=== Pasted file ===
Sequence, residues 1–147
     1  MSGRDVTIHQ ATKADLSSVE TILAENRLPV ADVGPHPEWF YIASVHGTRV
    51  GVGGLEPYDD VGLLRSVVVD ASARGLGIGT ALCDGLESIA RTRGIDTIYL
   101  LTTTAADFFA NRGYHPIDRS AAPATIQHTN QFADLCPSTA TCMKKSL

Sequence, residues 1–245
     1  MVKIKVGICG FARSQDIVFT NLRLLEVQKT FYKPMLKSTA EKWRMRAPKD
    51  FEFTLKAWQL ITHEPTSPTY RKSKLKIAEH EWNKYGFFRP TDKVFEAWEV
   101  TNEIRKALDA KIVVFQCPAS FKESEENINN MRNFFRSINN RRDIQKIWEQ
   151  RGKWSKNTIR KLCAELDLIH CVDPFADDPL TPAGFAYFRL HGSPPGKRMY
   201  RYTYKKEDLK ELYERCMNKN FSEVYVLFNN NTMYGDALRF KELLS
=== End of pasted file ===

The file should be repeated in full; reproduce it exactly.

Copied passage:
Sequence, residues 1–147
     1  MSGRDVTIHQ ATKADLSSVE TILAENRLPV ADVGPHPEWF YIASVHGTRV
    51  GVGGLEPYDD VGLLRSVVVD ASARGLGIGT ALCDGLESIA RTRGIDTIYL
   101  LTTTAADFFA NRGYHPIDRS AAPATIQHTN QFADLCPSTA TCMKKSL

Sequence, residues 1–245
     1  MVKIKVGICG FARSQDIVFT NLRLLEVQKT FYKPMLKSTA EKWRMRAPKD
    51  FEFTLKAWQL ITHEPTSPTY RKSKLKIAEH EWNKYGFFRP TDKVFEAWEV
   101  TNEIRKALDA KIVVFQCPAS FKESEENINN MRNFFRSINN RRDIQKIWEQ
   151  RGKWSKNTIR KLCAELDLIH CVDPFADDPL TPAGFAYFRL HGSPPGKRMY
   201  RYTYKKEDLK ELYERCMNKN FSEVYVLFNN NTMYGDALRF KELLS